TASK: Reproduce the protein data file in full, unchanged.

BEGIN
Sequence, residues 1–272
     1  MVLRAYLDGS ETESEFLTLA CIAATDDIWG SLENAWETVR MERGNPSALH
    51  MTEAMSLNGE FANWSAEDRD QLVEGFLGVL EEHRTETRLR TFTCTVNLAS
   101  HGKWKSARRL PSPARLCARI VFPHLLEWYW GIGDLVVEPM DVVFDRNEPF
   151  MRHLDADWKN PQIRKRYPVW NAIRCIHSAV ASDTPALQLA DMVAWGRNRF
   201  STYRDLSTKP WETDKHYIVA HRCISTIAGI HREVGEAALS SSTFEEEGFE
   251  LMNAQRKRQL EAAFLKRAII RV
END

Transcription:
Sequence, residues 1–272
     1  MVLRAYLDGS ETESEFLTLA CIAATDDIWG SLENAWETVR MERGNPSALH
    51  MTEAMSLNGE FANWSAEDRD QLVEGFLGVL EEHRTETRLR TFTCTVNLAS
   101  HGKWKSARRL PSPARLCARI VFPHLLEWYW GIGDLVVEPM DVVFDRNEPF
   151  MRHLDADWKN PQIRKRYPVW NAIRCIHSAV ASDTPALQLA DMVAWGRNRF
   201  STYRDLSTKP WETDKHYIVA HRCISTIAGI HREVGEAALS SSTFEEEGFE
   251  LMNAQRKRQL EAAFLKRAII RV